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Hunt should’ve been binned but wasn’t even penalised after exploiting loophole




Canberra coach Ricky Stuart has every right to tell the NRL where to stick its apology even if he does get one after his team was robbed in Wollongong on Sunday.

Fair play to St George Illawarra skipper Ben Hunt – he was smart enough to roll the dice to exploit the six-again loophole that means teams are only penalised in extreme circumstances when slowing down play while defending their goal line.

With the Raiders on the attack with 10 seconds left, Hunt could have been penalised twice but escaped any meaningful sanction as Canberra’s last-ditch raid was denied.

After Jack Bird had grounded Joseph Tapine 10 metres out from the line, Hunt jumped on the grounded Raiders prop in what was the personification of a professional foul. 

It was as deliberate as can be. Canberra were on the attack and Hunt’s actions should be a penalty at any stage of the match, on any patch of turf on the field.

WOLLONGONG, AUSTRALIA - JULY 03: Dragon players celebrate winning the round 16 NRL match between the St George Illawarra Dragons and the Canberra Raiders at WIN Stadium, on July 03, 2022, in Wollongong, Australia. (Photo by Mark Nolan/Getty Images)

Dragons players celebrate winning over the Canberra Raiders at WIN Stadium. (Photo by Mark Nolan/Getty Images)

However, referee Peter Gough’s call after Hunt flopped on top of Tapine to stall the Green Machine for another precious few seconds was to wave six-again to Canberra.

With 10 seconds left, there is precisely zero benefit to the attacking team in getting another set.

Hunt, feeling lucky after dodging one bullet, then jumped out of marker to shut down dummy-half Tom Starling before he could pass the ball wide for one last play.

To be fair on Gough, that one was a marginal call – the type that you see penalised a lot of the time and let go to a large degree as well.

Referees have been swallowing the whistle when a big call has been needed in the dying stages for more than a century.

But that does not excuse the previous play when Hunt should have been penalised and sin-binned for a professional foul in front of the posts which would have allowed Canberra to draw level at 12-12 and then have a one-player advantage for the extra time period.

They may not have won in the golden-point mayhem that should have ensued but they definitely should not have lost in extra time.

Storm star Brandon Smith, on The Matty Johns Show, gave a player’s perspective as he watched the vision later: “This is where the six-again’s not really a great asset for you, as a team but I think if you just knock the ball on, I don’t think it’s legal, but if you pretend to knock the ball on I think they get a two-point conversion.”

His former skipper, Cameron Smith, added his voice to the chorus against the set restart interpretations on SEN Radio on Monday morning by saying the six-again rule is very subjective and he’d be happy to get rid of it, adding clear indiscretions in the ruck should warrant a penalty.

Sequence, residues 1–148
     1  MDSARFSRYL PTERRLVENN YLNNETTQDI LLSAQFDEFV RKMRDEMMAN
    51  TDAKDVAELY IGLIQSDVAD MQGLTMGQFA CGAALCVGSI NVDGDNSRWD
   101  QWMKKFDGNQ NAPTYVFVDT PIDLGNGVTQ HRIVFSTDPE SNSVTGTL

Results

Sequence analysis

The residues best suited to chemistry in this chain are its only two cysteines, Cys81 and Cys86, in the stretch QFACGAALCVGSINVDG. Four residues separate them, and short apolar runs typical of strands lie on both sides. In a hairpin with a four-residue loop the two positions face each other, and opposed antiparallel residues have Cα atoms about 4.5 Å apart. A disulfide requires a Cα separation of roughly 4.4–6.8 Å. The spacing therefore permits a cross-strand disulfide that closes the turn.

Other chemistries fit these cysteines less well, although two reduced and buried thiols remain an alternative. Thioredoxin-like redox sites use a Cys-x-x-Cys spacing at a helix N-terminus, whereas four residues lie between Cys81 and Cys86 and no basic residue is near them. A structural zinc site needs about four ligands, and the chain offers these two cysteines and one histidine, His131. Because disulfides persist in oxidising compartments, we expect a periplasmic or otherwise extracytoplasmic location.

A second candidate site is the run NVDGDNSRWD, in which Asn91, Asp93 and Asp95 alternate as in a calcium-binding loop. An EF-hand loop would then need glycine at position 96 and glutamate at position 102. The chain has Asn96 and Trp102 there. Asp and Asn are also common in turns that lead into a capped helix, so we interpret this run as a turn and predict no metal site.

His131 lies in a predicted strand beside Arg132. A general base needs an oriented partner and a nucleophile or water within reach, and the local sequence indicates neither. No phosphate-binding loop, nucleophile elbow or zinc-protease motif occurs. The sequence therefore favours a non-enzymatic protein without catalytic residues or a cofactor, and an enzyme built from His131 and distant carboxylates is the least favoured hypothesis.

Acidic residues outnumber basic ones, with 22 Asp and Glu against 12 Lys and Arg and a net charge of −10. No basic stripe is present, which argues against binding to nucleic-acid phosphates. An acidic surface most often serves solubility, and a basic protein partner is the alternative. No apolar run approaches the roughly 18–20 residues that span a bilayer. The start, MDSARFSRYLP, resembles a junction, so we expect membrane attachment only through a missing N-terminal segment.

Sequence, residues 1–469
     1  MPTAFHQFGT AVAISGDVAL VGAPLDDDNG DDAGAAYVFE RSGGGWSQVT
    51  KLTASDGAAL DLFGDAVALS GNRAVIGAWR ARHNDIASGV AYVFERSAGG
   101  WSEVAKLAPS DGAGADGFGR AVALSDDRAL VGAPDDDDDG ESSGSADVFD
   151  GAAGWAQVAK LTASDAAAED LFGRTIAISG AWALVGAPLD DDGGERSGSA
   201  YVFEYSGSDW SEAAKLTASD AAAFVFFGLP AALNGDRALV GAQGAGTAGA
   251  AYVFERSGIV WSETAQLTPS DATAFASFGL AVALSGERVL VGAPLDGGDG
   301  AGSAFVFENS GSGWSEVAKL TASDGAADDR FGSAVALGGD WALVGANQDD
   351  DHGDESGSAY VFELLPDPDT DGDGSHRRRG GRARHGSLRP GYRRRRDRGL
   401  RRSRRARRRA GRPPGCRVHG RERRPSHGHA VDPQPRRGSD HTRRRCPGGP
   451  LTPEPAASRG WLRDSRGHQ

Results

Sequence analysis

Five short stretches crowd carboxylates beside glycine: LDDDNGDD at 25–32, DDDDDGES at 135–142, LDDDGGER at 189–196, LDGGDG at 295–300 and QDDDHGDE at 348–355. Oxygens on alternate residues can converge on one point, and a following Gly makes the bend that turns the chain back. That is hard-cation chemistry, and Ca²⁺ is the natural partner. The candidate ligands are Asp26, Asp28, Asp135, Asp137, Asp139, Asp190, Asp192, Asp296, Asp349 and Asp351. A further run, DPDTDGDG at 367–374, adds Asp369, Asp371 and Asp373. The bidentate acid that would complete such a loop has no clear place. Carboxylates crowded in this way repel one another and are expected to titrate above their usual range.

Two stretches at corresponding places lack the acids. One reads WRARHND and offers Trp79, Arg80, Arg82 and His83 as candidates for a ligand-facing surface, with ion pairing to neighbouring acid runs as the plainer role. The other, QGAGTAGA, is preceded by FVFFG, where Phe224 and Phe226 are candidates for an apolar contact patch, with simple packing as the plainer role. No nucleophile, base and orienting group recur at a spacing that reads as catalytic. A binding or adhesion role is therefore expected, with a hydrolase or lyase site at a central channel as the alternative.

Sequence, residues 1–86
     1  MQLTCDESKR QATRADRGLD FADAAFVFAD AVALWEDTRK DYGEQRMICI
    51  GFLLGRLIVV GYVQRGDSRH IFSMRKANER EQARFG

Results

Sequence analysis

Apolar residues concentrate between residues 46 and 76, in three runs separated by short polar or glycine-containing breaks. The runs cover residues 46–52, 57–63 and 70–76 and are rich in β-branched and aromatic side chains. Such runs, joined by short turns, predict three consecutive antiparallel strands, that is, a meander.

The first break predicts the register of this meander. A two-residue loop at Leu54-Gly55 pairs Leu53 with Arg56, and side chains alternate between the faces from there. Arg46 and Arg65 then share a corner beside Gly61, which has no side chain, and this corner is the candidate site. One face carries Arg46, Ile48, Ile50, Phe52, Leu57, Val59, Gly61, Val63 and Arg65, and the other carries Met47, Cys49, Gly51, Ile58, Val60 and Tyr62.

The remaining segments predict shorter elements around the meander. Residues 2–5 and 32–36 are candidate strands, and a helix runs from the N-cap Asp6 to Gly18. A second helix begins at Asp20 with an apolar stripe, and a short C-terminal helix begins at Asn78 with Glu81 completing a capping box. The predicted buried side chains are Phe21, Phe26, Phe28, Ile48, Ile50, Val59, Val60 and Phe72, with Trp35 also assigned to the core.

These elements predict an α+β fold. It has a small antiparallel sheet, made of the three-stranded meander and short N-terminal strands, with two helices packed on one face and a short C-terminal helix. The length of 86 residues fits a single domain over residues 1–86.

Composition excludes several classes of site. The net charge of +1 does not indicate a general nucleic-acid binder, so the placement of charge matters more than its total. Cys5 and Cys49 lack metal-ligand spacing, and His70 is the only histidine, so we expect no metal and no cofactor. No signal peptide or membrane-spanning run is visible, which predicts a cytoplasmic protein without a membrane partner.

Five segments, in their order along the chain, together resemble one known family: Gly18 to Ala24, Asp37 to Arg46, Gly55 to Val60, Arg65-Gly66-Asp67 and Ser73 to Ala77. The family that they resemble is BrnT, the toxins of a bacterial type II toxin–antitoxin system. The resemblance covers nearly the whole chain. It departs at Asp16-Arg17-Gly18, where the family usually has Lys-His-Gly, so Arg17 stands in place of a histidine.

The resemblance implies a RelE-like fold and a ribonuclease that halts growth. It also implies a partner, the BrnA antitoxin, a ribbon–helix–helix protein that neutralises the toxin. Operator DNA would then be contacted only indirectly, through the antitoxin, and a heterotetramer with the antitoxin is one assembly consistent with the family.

The NRL tweaked the six-again rule at the start of this season to empower referees to award penalties to teams who are infringed upon within their own 40-metre zone.

It has helped alleviate what we saw last year when teams would deliberately rush up in defence on a team rucking the ball out from their own end, happy to concede a six-again ruling in the knowledge that they will stymie any momentum their opponent was trying to build at the start of their set.

Not that the NRL needs more rule changes but if the six-again genie is not going to be put back in the bottle, perhaps the rulemakers – in their finite wisdom – should look at making it an automatic penalty rather than a set restart for infringements with less than a minute remaining in any period.

A set in the NRL pretty much lasts one minute so that would remove the current state of affairs in which defending teams can infringe on purpose, safe in the knowledge that the side in possession gets no actual reward from a six-again call.

And it would prevent a repeat of Sunday’s schemozzle at WIN Stadium when Hunt’s illegal tactics would have resulted in a thoroughly deserved penalty for his blatant actions.

Stuart, who has lost a small fortune in fines over the course of his two-decade coaching career, was tightlipped when asked about the incident in his post-match media conference on Sunday, choosing his words carefully.

“I’ve only seen it once (and) I only need to see it once,” a tight-lipped Stuart said. 

Xavier Savage. (Photo by Mark Nolan/Getty Images)

“Tomorrow I’ll get an apology or I’ll get justification of there not being a penalty. We set ourselves up to win that game with a really tough grind.”

His captain Elliott Whitehead was also circumspect: “I best not make a comment because it’ll come back on me,” he said. “It shouldn’t come down to that (last play), we’re a better team than that. We let ourselves down and made too many errors.”

Gough’s call, or lack there of, has massive ramifications for Canberra. They would have leapfrogged the Dragons to sit just behind Manly in ninth spot with a win but have now dropped to 11th on the ladder and are four points adrift of eighth-placed St George Illawarra.





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